A new research presented in JAMA Oncology discovers that taking herring, mackerel and specific fish oils may raise the risk of cancer patients becoming resistant to chemotherapy.
With respect to the American Cancer Society, over 1.6 million individuals in the US will be diagnosed with cancer in 2015.
In add-on to receiving treatment for cancer, many sufferers with the condition will usually make lifestyle modifications with the aim of enhancing their health status.
For instance, study co-author Dr. Emilie E. Voest, of the Netherlands Cancer Institute in Amsterdam, and co-workers point to one research that recognized a threefold increase in food supplement use among sufferers who had obtained a cancer diagnosis.
“However,” the authors add, “there is a increasing issue that simultaneous use of supplements and anticancer medicines may adversely effect treatment result.”
The scientists notice that omega-3 fatty acids are generally used supplements among cancer sufferers, with about 20% of cancer sufferers using them in the US – most frequently in the form of fish oil.
Earlier study from the team identified that two fatty acids – 16:4(n-3) and 12S-HHT – induced chemotherapy resistance in mice who ingested the substances in small quantities.
For their research, Dr. Voest and co-workers set out to evaluate the fatty acid content in different fish oils, and examine how consumption of fish oil – through supplements or fresh fish – impacts the treatment result of sufferers with cancer.
Fish oil supplements, herring, mackerel raises 16:4(n-3) blood levels
From assessing a number of fish oils generally used for supplementation, the investigators identified that 16:4(n-3), but not 12S-HHT, was present in all of them.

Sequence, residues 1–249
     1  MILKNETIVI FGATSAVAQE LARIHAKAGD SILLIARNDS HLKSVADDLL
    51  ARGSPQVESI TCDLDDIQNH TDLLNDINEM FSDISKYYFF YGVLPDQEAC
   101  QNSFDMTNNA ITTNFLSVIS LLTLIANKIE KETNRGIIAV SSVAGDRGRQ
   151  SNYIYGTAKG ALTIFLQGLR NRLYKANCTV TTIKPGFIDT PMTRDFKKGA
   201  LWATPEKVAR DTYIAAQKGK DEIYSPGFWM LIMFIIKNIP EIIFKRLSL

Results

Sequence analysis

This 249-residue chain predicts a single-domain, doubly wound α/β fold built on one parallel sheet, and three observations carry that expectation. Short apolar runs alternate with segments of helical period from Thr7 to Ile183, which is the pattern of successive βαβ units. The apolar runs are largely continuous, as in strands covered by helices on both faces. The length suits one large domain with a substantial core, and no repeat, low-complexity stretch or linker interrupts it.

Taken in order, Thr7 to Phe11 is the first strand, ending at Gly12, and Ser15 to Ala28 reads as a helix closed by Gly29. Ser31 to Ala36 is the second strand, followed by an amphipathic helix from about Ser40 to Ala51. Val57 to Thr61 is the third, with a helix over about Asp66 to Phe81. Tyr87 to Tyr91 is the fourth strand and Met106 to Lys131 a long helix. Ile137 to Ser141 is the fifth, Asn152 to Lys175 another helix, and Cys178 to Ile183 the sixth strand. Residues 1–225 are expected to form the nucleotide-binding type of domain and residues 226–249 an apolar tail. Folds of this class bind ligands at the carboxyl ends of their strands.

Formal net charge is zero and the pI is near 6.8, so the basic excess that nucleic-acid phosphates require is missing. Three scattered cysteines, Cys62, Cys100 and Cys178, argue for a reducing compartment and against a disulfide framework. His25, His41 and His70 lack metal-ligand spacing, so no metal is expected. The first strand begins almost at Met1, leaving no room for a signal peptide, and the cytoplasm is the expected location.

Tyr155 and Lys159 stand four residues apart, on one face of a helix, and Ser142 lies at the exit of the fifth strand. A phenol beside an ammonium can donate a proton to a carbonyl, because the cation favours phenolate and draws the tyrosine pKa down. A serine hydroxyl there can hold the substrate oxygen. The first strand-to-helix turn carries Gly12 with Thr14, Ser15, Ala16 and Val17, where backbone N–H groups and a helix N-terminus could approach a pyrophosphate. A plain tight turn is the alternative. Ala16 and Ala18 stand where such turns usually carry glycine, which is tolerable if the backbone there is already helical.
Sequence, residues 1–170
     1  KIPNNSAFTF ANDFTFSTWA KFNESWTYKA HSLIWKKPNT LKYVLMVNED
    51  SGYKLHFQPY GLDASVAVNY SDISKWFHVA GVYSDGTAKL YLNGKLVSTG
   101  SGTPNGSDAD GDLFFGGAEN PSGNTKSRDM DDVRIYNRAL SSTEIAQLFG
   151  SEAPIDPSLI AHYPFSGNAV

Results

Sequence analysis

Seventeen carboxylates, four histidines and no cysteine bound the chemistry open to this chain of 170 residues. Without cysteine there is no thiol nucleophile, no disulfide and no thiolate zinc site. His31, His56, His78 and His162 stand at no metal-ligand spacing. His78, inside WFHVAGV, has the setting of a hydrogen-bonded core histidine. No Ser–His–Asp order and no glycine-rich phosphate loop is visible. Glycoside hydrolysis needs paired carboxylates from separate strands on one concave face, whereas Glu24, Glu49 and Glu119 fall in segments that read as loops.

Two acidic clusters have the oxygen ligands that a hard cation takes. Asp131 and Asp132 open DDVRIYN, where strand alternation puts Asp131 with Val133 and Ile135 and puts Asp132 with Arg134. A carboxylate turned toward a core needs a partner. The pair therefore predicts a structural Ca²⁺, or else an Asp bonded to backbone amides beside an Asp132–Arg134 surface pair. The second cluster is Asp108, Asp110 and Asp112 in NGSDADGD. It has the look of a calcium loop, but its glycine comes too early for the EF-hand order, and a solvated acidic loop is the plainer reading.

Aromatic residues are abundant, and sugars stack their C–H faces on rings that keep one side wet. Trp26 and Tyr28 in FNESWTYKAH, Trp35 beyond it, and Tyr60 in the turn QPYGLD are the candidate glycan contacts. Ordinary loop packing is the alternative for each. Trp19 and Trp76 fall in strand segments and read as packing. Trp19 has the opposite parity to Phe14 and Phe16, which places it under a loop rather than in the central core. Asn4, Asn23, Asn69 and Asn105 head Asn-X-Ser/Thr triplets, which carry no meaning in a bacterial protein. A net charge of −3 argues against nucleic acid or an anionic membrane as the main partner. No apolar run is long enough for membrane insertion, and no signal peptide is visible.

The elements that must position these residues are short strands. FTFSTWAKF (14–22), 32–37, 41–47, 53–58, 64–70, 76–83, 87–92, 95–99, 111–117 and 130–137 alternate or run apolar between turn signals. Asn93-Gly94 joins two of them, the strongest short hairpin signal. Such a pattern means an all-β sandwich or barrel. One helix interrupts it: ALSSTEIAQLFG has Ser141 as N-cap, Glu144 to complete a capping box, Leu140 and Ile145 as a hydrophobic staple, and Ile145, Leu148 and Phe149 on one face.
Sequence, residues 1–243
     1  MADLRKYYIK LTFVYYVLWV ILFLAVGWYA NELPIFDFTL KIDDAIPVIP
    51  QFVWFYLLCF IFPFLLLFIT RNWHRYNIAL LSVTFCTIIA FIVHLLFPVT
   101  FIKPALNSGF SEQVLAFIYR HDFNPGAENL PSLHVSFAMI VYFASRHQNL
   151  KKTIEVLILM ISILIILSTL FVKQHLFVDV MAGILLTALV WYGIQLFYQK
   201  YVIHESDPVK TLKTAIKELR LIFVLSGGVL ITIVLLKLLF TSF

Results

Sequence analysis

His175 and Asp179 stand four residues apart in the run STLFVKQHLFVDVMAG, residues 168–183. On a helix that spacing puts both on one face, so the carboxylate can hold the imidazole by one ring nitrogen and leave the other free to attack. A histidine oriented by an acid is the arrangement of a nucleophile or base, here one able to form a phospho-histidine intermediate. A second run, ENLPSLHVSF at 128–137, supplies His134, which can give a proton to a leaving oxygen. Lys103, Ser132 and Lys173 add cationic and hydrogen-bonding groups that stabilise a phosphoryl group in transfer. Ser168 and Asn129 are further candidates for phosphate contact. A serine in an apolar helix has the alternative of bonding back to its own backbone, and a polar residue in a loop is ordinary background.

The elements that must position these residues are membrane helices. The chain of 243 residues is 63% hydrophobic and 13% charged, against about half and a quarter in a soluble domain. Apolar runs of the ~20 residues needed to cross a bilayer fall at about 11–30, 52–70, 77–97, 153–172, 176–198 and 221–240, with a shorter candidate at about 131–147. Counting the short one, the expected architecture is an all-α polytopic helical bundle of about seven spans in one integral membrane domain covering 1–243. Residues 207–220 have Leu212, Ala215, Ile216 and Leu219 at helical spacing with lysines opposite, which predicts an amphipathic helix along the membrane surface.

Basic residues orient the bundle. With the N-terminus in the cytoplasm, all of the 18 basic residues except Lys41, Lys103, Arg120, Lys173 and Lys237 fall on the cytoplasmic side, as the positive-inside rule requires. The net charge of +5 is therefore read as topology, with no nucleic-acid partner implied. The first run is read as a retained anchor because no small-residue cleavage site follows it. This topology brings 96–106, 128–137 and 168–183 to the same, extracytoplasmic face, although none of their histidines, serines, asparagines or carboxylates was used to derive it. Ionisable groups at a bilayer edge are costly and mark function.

The investigators enrolled healthy volunteers and calculated their blood levels of 16:4(n-3) after taking in the suggested daily amount of 10 milliliters (ml) of fish oil – either through three retail available fish oil supplements or via eating fresh fish, particularly salmon, tuna, smoked mackerel or cured herring.
The team identified that quickly after the volunteers had taken the fish oil supplements, their blood levels of 16:4(n-3) enhanced. These levels did not come back to regular till 8 hours after the supplements were consumed. After a 50-ml dose of fish oil supplements, blood levels of 16:4(n-3) took even longer to come back to normal.
The investigators also identified that taking 100 g of herring or mackerel was connected with an increase in 16:4(n-3) blood levels. Salmon intake led to small raise in 16:4(n-3) blood levels, while tuna consumption did not seem to affect blood levels.
The investigators also examined the outcomes of a survey finished by 118 sufferers getting cancer therapy at the University Medical Center Utrecht in the Netherlands, which collected details about their use of fish oil supplements.
They identified that 30% of these sufferers reported frequent use of fish oil supplements, while 11% revealed using supplements comprising omega-3 fatty acids.
Leaving comments on their results, the authors say:
“Herein we demonstrate that fish oil consists of substantial levels of 16:4(n-3), a fatty acid with potent chemotherapy-negating effects in preclinical models, and that ingestion of low doses of fish oil interferes with chemotherapy activity in mice.
Consumption of the suggested daily quantity of fish oil by healthy volunteers quickly enhanced 16:4(n-3) plasma levels. Since low levels of 16:4(n-3) were continue to active in mice, and since 11% of sufferers undergoing cancer treatment in our center used omega-3 supplements, these results may have essential clinical significances.”
Depending on these results, the investigators suggest that cancer sufferers going through chemotherapy avoid taking fish oil supplements from the day prior to their therapy until the day after.
“Although additional proof on the connection between fish intake and chemotherapy activity is preferred, we would presently also suggest to avoid herring and mackerel in the 48 hours surrounding chemotherapy exposure,” they add.